March Sees Continued Decline in Global Soy Protein Isolate Prices
March Sees Continued Decline in Global Soy Protein Isolate Prices

March Sees Continued Decline in Global Soy Protein Isolate Prices

  • 09-Apr-2024 2:47 PM
  • Journalist: Li Hua

In March, the global prices of Soy Protein Isolate (SPI) continued their descent, aligning with the downward trajectory seen in preceding months. This decline can be attributed, in part, to an oversupply saturating the market, with manufacturers bolstering production in anticipation of heightened demand for SPI ahead of the Qingming Festival and Cold Food Festival in April. Despite these expectations, demand from end-sectors remained insufficient, exerting further downward pressure on SPI prices.

One factor contributing to this trend is the decrease in the prices of the raw material, soybeans. Since March, the domestic soybean market has remained both weak and stable. Moreover, there has been a lack of significant demand for terminal soybean products, while purchasing and sales activities in the main production areas have been sluggish. These factors have collectively led to a decrease in soybean prices, consequently impacting the manufacturing costs of SPI and maintaining its prices on the lower side.

Recent data indicates that China's manufacturing sector saw growth for the first time in six months in March, marked by the official Purchasing Managers' Index increasing to 50.8 from 49.1 in the previous month. This rise hints at the stabilization of the world's second-largest economy. However, despite this positive development, worries about insufficient domestic demand lingered throughout the month. Furthermore, the lack of inquiries from international markets contributed to downward pressure on global SPI prices, dampening the overall sentiment.

In Germany, concerning signs of a potential recession in the first quarter of 2024 are evident, with weak consumption and sluggish industrial demand prolonging the recovery period. Recent data highlights a further decline in inflation in Germany, as consumer prices in March dropped to 2.2% above the same month last year from 2.5% in February, according to preliminary data from the Federal Statistical Office. Despite this, the European Central Bank (ECB) decided to maintain its key interest rate at a record high in March, indicating a postponement of any expected cuts to borrowing costs until June. This ongoing situation continues to strain consumers' purchasing power, contributing to the decline in SPI prices. Similarly, in the USA, the Federal Reserve's decision to keep the overnight federal funds rate steady at 5.25% to 5.5% in March reflects a cautious approach to managing inflation. This cautious stance could prolong economic uncertainty and constrain consumer spending, ultimately impacting the prices of various commodities like SPI.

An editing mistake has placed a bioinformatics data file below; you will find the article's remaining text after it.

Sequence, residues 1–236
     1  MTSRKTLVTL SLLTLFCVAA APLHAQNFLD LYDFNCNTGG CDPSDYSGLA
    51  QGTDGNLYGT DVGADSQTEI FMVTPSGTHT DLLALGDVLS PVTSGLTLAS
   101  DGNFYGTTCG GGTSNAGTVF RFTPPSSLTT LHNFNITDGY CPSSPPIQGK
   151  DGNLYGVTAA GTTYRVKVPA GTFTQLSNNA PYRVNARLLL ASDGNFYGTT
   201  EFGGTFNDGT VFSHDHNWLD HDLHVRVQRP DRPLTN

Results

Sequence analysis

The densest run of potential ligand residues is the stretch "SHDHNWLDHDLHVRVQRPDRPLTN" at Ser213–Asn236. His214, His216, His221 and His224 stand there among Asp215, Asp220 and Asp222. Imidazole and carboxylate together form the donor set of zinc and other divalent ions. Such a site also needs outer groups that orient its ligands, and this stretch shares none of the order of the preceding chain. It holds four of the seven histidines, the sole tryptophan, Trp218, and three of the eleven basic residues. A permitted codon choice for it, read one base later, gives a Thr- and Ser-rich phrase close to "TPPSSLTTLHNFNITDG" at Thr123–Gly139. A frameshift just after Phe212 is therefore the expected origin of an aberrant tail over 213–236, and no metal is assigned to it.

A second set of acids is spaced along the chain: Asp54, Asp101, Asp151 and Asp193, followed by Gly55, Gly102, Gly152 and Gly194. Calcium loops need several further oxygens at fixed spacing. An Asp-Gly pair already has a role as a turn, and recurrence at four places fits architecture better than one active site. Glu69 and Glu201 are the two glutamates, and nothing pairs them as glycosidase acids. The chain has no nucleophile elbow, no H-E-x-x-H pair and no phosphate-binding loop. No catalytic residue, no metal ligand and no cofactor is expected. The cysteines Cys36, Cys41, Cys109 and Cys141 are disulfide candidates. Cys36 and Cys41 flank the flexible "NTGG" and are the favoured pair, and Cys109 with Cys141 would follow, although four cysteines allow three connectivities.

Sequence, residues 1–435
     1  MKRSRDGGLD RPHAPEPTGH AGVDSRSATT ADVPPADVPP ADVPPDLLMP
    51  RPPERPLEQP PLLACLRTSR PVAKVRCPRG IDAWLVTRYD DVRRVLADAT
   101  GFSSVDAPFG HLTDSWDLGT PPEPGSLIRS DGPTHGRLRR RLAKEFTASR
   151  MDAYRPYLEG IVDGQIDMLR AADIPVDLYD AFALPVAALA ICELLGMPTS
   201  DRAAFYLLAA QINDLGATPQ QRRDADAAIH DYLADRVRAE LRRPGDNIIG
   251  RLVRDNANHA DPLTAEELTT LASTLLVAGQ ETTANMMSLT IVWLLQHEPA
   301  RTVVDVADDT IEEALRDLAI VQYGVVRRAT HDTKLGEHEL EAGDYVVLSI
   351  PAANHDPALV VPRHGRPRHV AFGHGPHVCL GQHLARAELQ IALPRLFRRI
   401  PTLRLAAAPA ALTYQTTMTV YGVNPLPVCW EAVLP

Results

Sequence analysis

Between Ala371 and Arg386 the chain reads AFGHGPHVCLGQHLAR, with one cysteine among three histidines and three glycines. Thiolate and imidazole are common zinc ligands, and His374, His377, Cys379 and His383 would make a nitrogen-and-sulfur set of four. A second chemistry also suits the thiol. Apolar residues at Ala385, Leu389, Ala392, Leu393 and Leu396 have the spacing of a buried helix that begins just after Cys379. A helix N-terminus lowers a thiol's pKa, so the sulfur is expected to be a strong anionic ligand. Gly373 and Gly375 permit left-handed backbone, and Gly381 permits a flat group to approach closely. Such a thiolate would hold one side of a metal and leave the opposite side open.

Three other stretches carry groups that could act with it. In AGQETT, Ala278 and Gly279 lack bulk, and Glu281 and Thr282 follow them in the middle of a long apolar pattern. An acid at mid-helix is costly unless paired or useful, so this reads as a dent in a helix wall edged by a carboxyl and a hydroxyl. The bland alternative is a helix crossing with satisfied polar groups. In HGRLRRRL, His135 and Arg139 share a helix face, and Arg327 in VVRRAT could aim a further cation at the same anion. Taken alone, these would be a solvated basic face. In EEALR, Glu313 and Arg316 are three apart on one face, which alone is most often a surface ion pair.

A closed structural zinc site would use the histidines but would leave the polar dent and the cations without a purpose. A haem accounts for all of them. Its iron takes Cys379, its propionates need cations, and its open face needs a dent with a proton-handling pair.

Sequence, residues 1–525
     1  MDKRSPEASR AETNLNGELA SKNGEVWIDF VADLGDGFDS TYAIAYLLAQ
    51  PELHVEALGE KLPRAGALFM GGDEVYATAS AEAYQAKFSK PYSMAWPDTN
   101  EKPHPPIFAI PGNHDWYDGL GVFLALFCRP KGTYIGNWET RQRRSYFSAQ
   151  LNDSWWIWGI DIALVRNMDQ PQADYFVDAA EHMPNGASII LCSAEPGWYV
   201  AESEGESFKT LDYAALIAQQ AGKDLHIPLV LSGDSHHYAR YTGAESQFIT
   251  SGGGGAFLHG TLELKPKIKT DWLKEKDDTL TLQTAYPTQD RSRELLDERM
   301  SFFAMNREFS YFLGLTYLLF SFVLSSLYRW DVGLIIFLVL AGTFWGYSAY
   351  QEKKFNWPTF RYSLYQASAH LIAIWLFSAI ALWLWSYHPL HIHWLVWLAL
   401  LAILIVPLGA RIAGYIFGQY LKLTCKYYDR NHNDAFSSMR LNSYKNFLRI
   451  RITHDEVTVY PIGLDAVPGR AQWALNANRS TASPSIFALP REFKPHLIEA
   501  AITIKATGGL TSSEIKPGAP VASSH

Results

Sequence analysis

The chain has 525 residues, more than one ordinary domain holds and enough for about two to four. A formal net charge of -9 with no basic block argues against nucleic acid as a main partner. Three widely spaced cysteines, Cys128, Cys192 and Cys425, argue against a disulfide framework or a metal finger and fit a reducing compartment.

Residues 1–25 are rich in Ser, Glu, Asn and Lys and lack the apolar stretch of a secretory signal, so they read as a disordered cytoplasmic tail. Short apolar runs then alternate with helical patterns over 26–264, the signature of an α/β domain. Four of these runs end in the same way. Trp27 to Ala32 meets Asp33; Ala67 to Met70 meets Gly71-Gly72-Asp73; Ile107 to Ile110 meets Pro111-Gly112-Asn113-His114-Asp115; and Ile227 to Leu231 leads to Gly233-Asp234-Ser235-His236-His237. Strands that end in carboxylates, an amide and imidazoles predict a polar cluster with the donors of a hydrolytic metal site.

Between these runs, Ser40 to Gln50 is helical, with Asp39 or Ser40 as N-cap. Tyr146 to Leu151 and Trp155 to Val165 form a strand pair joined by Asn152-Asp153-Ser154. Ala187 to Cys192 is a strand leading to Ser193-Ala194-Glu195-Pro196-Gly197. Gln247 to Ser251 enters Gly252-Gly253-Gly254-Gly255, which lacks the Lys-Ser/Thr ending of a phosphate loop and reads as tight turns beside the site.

Based on ChemAnalyst analysis, there is a likelihood of upcoming price escalations for SPI due to the anticipated surge in global demand from end-user sectors like food and pharmaceutical industries. Moreover, the potential moderation of inflation in Western regions might prompt central banks to reduce key interest rates, potentially offering respite to consumers and fostering demand for SPI. Additionally, the expected expansion in trading sectors could contribute to a positive outlook for the SPI market.

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